Annie, you probably won’t believe this, but I am as angry as you are about Israeli behavior. And I’ve probably been angry for a lot longer than you have. But I’ve tried to disentangle your angry, and mostly valid, attacks on Israel to find tactics that make sense, I just can’t find any.
We seem to be looking at the same forest but see a different set of trees, or a different ratio between different kinds of trees. In the forest that I and Wishnitzer are looking at it, of course Palestinian violence is not “responsible for the perpetuation of the conflict. ” He most certainly did NOT imply that. What he clearly knows, as do his Palestinian counterparts, is that Palestinian violence has played A ROLE in the perpetuation of the conflict, and Israelis are not the ONLY people who have agency in this ongoing tragedy.
There are many many examples. Here’s one: More than a 1,000 Israelis were killed in the second Palestinian intifadeh and many more were injured. Of course many more Palestinians were killed and maimed by the horrific military response by Barak and then Sharon, but that doesn’t change the fact that there used to be a much larger “peace camp” in Israel and it was shattered by the intifadeh. Maybe many people in that peace camp did not go as far as you or I would have liked when it came to the nature of a two state solution. But they most certainly did not want to rule over another people. I believe there would have been much more support for a Palestinian state that was not a collection of disconnected Bantustans if the intifadeh had not occurred. The possibility of that support was quashed by many factors, but I don’t see what is gained by denying that Palestinian violence and the fear it created was an important factor.
Later, Israelis who were afraid of Hamas and Hizbollah rockets included anti-Zionists, post-Zionists, BDS supporters, 1-staters, and draft resisters. They included Palestinian citizens of Israel. Trying to figure out how to achieve a future in which they and their neighbors will feel physically safe does not mean ignoring the asymmetry of power, suffering or vulnerability. It means not completely discounting those needs, or carelessly conflating them, as you do. with “this whole obsession with fear and hurt feelings and jewish or israeli emotions (including all those oh so sad pro israel jewish students on campuses having their feelings hurt).” I don’t care about hurt feelings, either. I care about people on both sides of the Green Line believing they can live together. And whether that happens in one state or two, or as a result of global BDS or some other tactic, both sides need to feel safe.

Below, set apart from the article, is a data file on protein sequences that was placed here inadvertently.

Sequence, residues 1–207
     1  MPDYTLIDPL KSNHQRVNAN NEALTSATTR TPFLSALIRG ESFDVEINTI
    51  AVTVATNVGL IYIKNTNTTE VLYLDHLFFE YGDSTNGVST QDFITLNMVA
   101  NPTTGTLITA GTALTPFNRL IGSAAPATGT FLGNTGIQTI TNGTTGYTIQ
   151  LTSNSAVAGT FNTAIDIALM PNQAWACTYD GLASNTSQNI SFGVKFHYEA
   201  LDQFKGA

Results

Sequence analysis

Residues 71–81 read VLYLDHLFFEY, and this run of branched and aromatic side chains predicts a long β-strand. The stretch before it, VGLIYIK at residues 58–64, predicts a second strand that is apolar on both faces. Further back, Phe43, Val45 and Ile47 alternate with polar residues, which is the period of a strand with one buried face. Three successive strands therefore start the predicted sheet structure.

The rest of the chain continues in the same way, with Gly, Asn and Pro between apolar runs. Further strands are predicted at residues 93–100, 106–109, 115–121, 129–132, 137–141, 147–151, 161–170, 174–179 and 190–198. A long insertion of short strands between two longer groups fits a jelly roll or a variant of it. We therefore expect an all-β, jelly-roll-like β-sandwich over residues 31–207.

I am breaking a longstanding vow not to weigh in on my old friend Phil Weiss’ web site because I am completely mystified that so many of his fans do not seem to believe, or care about, what I just wrote.
You wrote: “`But what I can do as an Israeli?” — to begin with they could elect leaders who would stop building on palestinian land!” Completely agree. How do you propose to accomplish that? In the last election, Bibi and Bennet based much of their appeal on fear –yes, it was fear tinged with vile racism, but that doesn’t mean everyone who is afraid is a vile racist. Even if you think those fears are completely unjustified, do you honestly think any change is possible if they are completely ignored?